Dr. John Talks About Hydration

Dr. John talks about the importance of water in the human body.

This week we are discussing hydration. How much water should we be drinking? Watch this short video and read more below.

What is the importance of water in the body?

By weight, the average adult human is approximately 60% water, with ⅔ of it inside cells and the rest outside the cell: in the blood, in between cells, and in compartments such as the brain, intestinal tract, abdominal cavity, and eyes. In case you wonder why so much water is kept inside cells, let me explain. 

The water inside the cell is kept not as free-floating but as polarized, meaning hydrogen and oxygen ions are oriented in a certain direction so that they are kept in place attached to oppositely polarized protein molecules, similar to the attachment of iron atoms to a magnet. This is the best way to protect intracellular proteins such as enzymes, which could otherwise be made nonfunctional when hydrolyzed. Enzymes use ions from the polarized state of water to move small protein molecules from one place to another for the construction of cell structures, antibodies, hormones, signaling molecules, etc.

Turgor created by water inside cells helps to support the structure of the organ the cells are part of. Without this, the organ will shrink, similar to a leaf that withers without a constant supply of water. Water outside cells helps with transportation in the circulation, lubrication and enzymatic action in the small intestine, elimination of stool in the colon, and for movement of waste through the kidney.

What is the significance of hydration?

According to a National Institute of Health study published in 2023, adults who stay well-hydrated appear to be healthier, develop fewer chronic conditions and live longer than those who may not get sufficient fluids. Although most people can tolerate a 3-4% decrease in total body water, it could impair cognitive performance in some. A 5-8% decrease can cause fatigue and dizziness. Loss of 10% of total body water can cause physical and mental deterioration and severe thirst. Dehydration can lead to high levels of sodium ions in the blood.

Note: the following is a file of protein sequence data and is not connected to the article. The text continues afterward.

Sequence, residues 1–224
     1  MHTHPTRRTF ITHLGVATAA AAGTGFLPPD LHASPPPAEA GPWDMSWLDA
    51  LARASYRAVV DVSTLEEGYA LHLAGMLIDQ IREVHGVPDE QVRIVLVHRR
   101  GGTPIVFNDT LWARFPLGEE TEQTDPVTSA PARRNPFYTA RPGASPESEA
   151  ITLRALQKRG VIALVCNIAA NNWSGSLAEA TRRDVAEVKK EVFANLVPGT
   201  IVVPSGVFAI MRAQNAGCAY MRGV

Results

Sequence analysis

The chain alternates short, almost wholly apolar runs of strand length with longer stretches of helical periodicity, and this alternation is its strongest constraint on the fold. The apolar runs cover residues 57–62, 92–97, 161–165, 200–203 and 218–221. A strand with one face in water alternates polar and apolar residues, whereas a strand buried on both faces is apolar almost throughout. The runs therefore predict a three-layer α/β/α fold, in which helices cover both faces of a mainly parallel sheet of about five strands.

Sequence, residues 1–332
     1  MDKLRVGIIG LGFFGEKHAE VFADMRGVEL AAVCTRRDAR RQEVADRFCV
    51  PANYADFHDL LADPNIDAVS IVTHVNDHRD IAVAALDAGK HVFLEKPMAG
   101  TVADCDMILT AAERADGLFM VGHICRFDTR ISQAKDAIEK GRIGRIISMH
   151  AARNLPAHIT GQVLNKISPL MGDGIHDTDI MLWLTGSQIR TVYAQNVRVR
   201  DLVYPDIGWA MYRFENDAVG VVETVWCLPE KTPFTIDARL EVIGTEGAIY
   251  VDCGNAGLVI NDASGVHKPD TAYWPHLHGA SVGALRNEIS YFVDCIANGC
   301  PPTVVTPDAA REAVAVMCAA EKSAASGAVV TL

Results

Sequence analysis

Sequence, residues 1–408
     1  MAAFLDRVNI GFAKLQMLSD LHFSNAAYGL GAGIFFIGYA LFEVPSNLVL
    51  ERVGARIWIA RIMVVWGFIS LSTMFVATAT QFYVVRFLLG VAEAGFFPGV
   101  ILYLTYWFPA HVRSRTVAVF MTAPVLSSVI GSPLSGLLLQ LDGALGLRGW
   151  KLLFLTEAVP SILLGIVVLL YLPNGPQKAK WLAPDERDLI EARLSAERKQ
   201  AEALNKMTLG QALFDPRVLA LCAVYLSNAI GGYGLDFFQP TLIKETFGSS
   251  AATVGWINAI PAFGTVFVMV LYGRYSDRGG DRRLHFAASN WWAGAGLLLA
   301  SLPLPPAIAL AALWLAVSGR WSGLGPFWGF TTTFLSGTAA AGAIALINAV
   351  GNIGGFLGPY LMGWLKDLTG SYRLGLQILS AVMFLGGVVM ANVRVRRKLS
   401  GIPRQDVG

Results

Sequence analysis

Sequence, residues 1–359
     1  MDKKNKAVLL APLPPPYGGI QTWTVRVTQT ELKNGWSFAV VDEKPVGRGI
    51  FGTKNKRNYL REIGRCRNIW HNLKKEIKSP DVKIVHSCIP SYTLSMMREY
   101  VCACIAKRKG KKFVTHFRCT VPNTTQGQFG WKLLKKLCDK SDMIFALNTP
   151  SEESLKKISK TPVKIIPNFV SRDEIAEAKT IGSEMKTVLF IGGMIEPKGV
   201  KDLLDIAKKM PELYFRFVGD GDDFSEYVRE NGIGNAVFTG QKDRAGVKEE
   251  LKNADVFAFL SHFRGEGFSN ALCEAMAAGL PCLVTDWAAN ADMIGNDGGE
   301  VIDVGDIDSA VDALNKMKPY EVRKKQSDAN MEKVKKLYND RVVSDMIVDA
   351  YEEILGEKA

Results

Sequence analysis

What are the causes of dehydration?

In people over age 50, the body’s thirst sensation diminishes with age, and the blunted response to thirst or inadequate ability to access free water in the face of excess free water losses seem to be the main causes of dehydration.

In humans during average-intensity exercise sweating can result in water loss of about 2 liters per hour. However, in warm or humid weather and during competitive sports water loss can be double that amount. 

How does humidity affect water loss?

High humidity impairs heat exchange efficiency by reducing the rate of moisture evaporation from skin surfaces. The opposite can happen under low humidity. Those who move from a high-humidity ambiance to one that has low humidity may not initially appreciate the need to consume more water because of reduced sweating which used to be a signal for water intake. In addition, low humidity can cause excessive drying of the skin and that of the mucous membrane in nasal passages as well as eye irritation. 

Your Health Is at Risk 

In 2020, there were over 122 million people in the U.S. diagnosed with elevated blood glucose, 34 million with the diagnosis of Type 2 diabetes, and 88 million diagnosed with prediabetes, yet their hope for healthy living is thwarted by medical dogma, disinformation, misinformation, and missing information.

Disinformation, Misinformation, and Missing Information, which is abbreviated “DMMI”, fuels growing health illiteracy and unhealthy lifestyle choices. This drives not only increases in Type 2 diabetes but also cancer, cardiovascular diseases, COVID-19, and other illnesses considered lifestyle diseases.

As described in my 5th book, Your Health Is at Risk, a literate person in today’s world is aware that the traditional media and social media are swarming with intentional disinformation about many topics, from politics to finances, to health advice and diet plans. Literacy, critical thinking, and a tolerance for reading scientific material are absolutely necessary to detect such disinformation.


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